Access Sheila A. Smith’s new CPM, “A Sino-Japanese Clash in the East China Sea,” here.

Post a Comment 8 Comments

  • Posted by True US

    China doesn’t have the gut to goes head to head with Japan. They know they will loose in the shot-out or short conflit

  • Posted by EyesonU

    Wow! I just can’t wait to see the war break out between China and Japan in the East China Sea – consequently, who will be the most suffered? —- it’s time for the globe to clean up the population. However, in the World War 2, Japan had dreamed to be a superpower of Octopus in the Pacific Ocean – then now, what does japan dream to be? LOL

  • Posted by zeus m. familiaran

    Excellent analytical exposition. Good governance requires perpetual checking and balancing. to my personal opinion, even if when healthy resolution has been identified and actively in place, requires more so the need to revisit if methodologies used to carry out resolve to issues involve works or not. Thank you.

  • Posted by Zong

    I am waiting for a long time to see how Western King and Asia King are fight each other. The WW II had been past by over 60 years, then the WW III will arrive soon. Let’s think about, why does US live far away from the South China Sea, but US is interested to pivot Asia? US is not humble to conduct in Asia, US just provoke and make China for angry. US must understand that China is a supper power in Asia, US should share power for China to control over Asia.

  • Posted by Don Bacon

    “[US] defend Japan against Chinese aggression”

    But the Senkaku/Diaoyu Islands, or Senkaku/Diaoyu /Tiaoyutai Islands, are not “Japan” so the U.S. recognition of Japan’s administrative control over the islands is wrong despite the (or because of) longstanding alliance with Japan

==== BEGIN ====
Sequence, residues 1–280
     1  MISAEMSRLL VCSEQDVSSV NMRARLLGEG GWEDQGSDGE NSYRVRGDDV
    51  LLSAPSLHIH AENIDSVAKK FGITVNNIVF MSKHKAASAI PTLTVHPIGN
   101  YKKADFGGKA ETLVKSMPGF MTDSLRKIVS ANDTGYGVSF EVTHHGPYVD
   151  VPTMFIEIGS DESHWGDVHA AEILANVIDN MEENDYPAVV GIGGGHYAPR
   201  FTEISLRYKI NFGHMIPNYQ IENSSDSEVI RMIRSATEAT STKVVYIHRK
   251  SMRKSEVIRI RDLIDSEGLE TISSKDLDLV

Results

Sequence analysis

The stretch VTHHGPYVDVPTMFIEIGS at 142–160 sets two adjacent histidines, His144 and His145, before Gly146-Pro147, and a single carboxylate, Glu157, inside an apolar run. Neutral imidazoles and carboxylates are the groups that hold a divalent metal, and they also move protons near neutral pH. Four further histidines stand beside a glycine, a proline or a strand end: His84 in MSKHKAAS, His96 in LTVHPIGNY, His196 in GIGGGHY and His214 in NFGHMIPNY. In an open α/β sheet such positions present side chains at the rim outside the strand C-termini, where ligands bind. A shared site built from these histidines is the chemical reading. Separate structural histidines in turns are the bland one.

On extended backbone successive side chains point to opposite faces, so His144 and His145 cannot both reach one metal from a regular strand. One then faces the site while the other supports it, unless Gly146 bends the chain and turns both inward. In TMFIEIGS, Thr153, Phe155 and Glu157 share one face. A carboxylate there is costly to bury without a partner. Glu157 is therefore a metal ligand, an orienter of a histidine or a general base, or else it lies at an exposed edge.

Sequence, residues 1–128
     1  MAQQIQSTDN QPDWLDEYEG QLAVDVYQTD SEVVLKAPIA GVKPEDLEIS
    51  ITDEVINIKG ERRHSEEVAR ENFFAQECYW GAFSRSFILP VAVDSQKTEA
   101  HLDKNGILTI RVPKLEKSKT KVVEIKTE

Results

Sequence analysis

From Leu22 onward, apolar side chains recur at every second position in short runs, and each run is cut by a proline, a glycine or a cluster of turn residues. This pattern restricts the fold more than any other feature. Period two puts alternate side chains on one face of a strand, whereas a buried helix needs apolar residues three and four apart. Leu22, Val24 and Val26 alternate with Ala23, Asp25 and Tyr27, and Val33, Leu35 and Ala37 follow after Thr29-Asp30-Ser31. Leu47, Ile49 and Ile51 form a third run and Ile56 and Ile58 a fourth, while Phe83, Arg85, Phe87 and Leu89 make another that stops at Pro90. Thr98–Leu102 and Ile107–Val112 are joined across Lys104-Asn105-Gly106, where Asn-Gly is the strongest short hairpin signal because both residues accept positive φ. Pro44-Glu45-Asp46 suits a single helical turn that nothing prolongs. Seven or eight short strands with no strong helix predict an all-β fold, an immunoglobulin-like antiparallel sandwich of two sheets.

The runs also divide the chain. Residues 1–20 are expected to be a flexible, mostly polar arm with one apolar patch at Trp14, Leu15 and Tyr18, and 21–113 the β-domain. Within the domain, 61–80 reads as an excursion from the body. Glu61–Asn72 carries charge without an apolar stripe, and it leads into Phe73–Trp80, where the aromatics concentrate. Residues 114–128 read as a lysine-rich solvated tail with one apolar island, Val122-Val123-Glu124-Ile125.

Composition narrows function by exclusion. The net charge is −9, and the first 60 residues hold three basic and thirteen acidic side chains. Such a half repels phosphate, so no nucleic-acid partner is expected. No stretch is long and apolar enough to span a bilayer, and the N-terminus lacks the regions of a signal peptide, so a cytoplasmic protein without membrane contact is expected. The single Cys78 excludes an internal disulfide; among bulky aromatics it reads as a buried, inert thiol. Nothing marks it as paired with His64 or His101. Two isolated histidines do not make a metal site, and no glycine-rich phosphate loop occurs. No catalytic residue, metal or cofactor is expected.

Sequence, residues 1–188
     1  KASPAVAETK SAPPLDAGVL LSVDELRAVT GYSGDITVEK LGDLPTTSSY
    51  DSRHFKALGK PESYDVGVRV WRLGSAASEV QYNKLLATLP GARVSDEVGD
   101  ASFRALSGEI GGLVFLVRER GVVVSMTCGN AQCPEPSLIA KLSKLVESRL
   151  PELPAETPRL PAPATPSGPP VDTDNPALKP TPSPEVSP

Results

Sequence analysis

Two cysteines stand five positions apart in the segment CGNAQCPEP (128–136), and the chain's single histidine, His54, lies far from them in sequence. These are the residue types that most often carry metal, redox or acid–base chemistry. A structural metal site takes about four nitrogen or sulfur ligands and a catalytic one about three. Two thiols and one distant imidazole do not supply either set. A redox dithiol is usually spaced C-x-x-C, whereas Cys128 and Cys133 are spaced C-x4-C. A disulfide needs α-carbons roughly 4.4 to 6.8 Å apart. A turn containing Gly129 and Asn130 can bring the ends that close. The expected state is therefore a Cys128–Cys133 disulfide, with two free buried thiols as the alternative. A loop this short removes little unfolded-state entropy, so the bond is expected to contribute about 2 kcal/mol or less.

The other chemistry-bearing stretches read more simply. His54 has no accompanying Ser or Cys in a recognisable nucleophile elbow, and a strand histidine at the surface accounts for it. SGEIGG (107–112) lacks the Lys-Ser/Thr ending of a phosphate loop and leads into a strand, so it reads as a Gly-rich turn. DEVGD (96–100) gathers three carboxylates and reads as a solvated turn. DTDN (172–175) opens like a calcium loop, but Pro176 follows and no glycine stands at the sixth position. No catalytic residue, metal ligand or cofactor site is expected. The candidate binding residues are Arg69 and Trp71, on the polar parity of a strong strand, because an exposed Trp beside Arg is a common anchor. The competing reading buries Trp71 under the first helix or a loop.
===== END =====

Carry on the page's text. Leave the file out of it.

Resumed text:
• Posted by henry ford

    ” Since the Obama administration pivoted towards Asia, U.S.-China relations have been complicated by territorial disputes in the seas of the Asia-Pacific. China’s assertiveness” gives the impression that the US initiated and/or complicated the SCS territorial disputes. Nothing can be further from the truth: China has sneakily but lawlessly invaded this shared water for decades, starting with the 1974 invasion of Paracel islands and 8 reefs of the Spratly chain from Vietnam. It also took Mischief and recently the Scarborough Shoals from the Philippines. In fact, while there are 6 claimants for sovereignty rights of South China Sea and with a signed COC, China is the only nation that uses forces to occupy neighbor’s territories.
    So, a US approach that encourages peaceful resolution is insufficient when it does not call out the only real aggressor that threatens peace and stability for this region: China.

  • Posted by Maung Tun Aung

    JUST TELL THE TRUTH THAT THE ISLANDS BELONG TO CHINA.
    As you can see in the article “The Tiaoyu Islands (Senkaku Island) are China’s Territory”
    by Kiyoshi Inoue
    Professor of History department
    Kyoto University, Japan

    http://www.skycitygallery.com/japan/diaohist.html
    “Proceeding from the Japanese people stand of opposition to militarism, one should reject the name Senkaku Islands, which was adopted by Japanese Militarism after seizing them from China. Use the only correct name in history, namely, the Tiaoyu (Diaoyutai) Island”
    ———– Japanese historian Kiyoshi Inoue. For more info, refer to his 278 pages book “Senkaku Retto”.

    In June 2004, another Japanese professor Tadayoshi Murata of Yokohama National University, published “Senkaku Islands vs the Diaoyu Islands Dispute” (some info is here) and supports that “Since the Ming Dynasty, Chinese maps and documents of many kinds marked Diaoyu Islands, Huangwei Islands, Chiwei Islands as being lying within the territory of China” . What does the view of some Japanese scholars tell us ? . Small islands – Big problem: Senkaku/Diaoyu